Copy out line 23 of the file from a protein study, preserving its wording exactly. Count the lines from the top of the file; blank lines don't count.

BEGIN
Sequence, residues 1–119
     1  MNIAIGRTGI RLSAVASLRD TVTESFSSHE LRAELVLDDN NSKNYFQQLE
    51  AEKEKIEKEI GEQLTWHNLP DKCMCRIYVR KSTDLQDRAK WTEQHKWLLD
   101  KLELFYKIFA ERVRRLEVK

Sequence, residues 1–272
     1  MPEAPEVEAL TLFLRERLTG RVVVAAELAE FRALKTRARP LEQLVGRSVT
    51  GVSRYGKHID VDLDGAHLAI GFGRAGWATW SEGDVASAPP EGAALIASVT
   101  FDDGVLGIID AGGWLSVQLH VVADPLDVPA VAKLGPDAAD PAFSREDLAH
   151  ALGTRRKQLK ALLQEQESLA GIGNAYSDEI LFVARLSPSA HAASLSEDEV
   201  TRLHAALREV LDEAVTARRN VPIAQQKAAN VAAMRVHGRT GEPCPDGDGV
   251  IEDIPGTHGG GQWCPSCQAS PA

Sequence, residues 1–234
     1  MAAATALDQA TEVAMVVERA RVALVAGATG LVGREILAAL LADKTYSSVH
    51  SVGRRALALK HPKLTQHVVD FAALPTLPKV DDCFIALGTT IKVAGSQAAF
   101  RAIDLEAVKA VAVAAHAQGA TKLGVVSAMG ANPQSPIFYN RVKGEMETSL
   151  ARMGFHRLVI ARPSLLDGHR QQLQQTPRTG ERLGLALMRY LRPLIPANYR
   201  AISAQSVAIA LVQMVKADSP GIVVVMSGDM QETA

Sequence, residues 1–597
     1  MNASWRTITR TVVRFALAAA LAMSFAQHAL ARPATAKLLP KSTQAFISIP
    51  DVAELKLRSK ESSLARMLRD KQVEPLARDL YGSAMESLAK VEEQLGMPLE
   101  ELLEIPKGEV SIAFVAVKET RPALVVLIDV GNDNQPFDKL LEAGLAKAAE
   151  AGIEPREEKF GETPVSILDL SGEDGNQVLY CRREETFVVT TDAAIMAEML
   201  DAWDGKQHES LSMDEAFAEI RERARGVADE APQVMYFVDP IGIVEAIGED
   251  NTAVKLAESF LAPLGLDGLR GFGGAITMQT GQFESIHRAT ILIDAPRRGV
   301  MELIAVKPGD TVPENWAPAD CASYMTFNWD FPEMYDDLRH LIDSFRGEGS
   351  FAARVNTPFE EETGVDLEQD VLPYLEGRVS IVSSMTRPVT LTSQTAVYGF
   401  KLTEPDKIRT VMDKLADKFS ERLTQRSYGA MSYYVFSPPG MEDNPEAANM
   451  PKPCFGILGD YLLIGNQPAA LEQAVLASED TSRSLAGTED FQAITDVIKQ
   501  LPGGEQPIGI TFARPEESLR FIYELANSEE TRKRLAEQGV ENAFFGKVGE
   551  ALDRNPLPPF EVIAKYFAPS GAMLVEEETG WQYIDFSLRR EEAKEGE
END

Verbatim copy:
   201  DAWDGKQHES LSMDEAFAEI RERARGVADE APQVMYFVDP IGIVEAIGED